Did you know that if you have a combination bathtub and shower head, you also have a shower diverter device? You use it every time you need to redirect water flow from your bathtub faucet to the showerhead. Like most plumbing-related things, the shower diverter can break down mechanically, is prone to corrosion, and will eventually require repair or replacement.
So, What Exactly is a Shower Diverter?
The shower diverter is a mechanical device that allows you to re-route water flow from the bathtub faucet to the showerhead, and it’s that simple.
There are a couple of different styles of shower diverters. Still, the one most homeowners are familiar with is the diverter valve, controlled via a simple “pull-up” handle at the end of the bathtub faucet. The control mechanism for the diverter valve can be found near the open end of your bathtub spigot, appearing as a metal pin with a small handle. A rubber valve is activated by pulling that pin upward, which blocks the water flow from the faucet, creating back pressure that carries the water upward to the showerhead.
Standard Shower Diverter
For those homeowners with a triple-handle assembly type, you have what’s known as a diverter cartridge that sits between the hot and cold handles. Faucet cartridges replace the moving metal parts of a regular diverter with plastic that allows for smoother operation and the ability to adjust temperature and water pressure with a single control.
Triple-Handle Shower Assembly w/Cartridge Diverter
What Can Go Wrong with a Shower Diverter?
Shower diverter valves are straightforward devices and, as such, aren’t really prone to mechanical failures, but they do have parts that can wear out or break. Here’s a quick list of some problems a homeowner might experience related to diverter valves and what each one can mean.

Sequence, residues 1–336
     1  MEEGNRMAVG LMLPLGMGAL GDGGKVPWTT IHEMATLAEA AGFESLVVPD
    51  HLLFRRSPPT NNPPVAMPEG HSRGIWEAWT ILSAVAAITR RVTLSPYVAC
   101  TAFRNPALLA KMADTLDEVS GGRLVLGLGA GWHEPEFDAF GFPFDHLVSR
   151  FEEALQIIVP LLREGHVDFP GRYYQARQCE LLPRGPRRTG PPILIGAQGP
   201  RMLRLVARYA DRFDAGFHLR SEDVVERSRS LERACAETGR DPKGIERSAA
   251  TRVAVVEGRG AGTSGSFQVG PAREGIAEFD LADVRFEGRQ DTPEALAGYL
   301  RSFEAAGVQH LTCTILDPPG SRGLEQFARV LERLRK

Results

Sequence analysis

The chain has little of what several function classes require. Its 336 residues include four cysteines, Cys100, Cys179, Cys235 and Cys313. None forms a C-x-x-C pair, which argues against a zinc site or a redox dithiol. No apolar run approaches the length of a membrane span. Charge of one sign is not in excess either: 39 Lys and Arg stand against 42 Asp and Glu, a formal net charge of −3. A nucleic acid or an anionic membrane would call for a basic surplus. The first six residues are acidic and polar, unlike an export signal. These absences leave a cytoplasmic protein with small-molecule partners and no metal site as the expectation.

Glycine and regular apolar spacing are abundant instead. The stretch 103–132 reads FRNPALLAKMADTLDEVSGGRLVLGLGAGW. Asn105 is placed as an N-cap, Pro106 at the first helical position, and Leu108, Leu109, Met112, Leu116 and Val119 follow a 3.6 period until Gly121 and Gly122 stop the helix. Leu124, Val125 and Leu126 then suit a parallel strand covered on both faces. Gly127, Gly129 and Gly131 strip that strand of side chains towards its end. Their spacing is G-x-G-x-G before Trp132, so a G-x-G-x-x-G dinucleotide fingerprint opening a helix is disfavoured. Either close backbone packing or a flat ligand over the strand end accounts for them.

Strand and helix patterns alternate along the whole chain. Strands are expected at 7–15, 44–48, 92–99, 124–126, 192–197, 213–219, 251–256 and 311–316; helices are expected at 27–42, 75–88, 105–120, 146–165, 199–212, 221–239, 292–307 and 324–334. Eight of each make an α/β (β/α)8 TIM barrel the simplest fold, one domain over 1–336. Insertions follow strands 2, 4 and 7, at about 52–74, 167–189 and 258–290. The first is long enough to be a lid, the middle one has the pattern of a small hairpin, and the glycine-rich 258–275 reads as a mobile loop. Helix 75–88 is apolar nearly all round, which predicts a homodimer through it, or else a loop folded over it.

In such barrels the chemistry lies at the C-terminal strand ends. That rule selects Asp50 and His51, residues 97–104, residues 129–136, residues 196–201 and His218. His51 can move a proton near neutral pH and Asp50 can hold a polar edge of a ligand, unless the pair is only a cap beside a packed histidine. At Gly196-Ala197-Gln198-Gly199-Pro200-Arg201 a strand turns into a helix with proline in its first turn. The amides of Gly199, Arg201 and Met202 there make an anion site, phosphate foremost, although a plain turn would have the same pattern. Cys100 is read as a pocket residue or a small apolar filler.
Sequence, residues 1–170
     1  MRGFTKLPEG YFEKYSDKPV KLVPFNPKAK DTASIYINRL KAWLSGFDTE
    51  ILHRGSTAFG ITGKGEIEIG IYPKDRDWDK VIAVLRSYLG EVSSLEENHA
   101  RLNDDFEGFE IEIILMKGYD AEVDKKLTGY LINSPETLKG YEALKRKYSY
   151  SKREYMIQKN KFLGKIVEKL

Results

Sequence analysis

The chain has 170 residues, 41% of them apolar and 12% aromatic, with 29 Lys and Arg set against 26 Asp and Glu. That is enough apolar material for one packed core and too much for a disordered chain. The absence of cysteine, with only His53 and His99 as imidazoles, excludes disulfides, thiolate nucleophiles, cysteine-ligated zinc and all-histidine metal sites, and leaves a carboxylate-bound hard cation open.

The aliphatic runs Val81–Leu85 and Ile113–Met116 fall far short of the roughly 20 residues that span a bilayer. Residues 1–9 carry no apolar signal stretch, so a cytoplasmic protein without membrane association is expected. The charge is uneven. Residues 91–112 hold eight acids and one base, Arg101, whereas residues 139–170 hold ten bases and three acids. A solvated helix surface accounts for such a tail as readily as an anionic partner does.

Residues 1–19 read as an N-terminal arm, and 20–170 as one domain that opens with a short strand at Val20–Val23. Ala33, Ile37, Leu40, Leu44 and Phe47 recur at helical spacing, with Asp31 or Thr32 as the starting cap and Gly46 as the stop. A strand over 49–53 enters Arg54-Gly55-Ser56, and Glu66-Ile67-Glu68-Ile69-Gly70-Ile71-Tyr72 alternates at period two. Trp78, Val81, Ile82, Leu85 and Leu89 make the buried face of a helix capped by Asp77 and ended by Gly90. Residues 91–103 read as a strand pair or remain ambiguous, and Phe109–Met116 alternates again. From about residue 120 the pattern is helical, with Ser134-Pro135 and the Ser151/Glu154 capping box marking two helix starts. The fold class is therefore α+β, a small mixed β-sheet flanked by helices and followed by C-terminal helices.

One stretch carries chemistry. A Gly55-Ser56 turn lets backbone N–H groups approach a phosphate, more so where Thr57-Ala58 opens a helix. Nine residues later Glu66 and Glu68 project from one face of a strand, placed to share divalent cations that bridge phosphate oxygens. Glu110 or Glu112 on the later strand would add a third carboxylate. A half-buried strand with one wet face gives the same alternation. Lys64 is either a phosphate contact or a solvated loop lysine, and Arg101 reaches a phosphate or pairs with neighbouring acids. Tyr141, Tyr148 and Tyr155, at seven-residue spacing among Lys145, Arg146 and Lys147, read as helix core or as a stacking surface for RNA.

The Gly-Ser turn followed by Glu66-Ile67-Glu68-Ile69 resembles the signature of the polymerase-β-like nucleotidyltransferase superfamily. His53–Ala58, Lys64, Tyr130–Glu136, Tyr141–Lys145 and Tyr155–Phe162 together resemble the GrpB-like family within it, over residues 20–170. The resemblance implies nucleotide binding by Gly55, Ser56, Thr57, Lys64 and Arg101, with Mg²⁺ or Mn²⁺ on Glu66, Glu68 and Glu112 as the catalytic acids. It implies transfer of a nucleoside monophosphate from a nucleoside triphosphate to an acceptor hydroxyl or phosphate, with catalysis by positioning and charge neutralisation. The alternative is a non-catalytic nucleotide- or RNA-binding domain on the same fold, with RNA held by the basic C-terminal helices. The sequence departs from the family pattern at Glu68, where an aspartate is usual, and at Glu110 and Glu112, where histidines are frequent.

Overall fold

1. Water, Water Everywhere!
One of the first signs that your shower diverter may be in trouble is leaks from the tub faucet while taking a shower. Even though the control handle for the diverter is located on top of the tub faucet, the actual valve usually lives just behind the faucet handles, out of sight. As the flapper in the diverter valve begins to age like all rubber appliances exposed to water, it will start to rot away, causing your tub faucet to drip. Eventually, as more of the rubber liftgate wears away, there won’t be enough left to block water flow, significantly reducing water pressure at the showerhead.
2. Valve Won’t Engage
Some folks –including the writer of this blog—insist on leaving their bathtub diverter valve in the “closed” position when we exit the shower. If you’re one of those people, stop doing it. Leaving the diverter engaged at all times can cause indentations to form in the rubber gasket, causing it to leak. When the valve has reached the end of its useful life, you won’t be able to get water to flow from the showerhead, regardless of the position of the diverter controls.
3. Rusty Water in the Tub
While shower diverters may be simple devices, they are still made up of several small parts, a couple of levers, and a control handle. Most of these parts will be made of metal, even in a diverter that uses a plastic cartridge, and when metal meets water, it starts to rust. As the corrosion begins to oxidize and flake off, you may find small pieces of rust in your bathtub, or you may find that the shower water is discolored. Rust-colored water is never a sign of healthy, well-functioning plumbing, and you need to investigate the source of the problem as soon as possible to eliminate other pipe-related issues.
Can a Shower Diverter Be Repaired?
Mechanical shower diverters can be repaired without replacing any other bathtub plumbing fixtures. Repair kits are available from various sources for as little as $5.00 for mechanical diverters and between $15 and $25 for cartridge-type diverter repair kits.
If you’re having issues with your bathroom’s shower diverter and are unsure about your type or how to fix it, give Nick’s Plumbing & AC a call. Let one of our licensed and experienced plumbing technicians take a look at your drippy shower problem and recommend the best way to address it.
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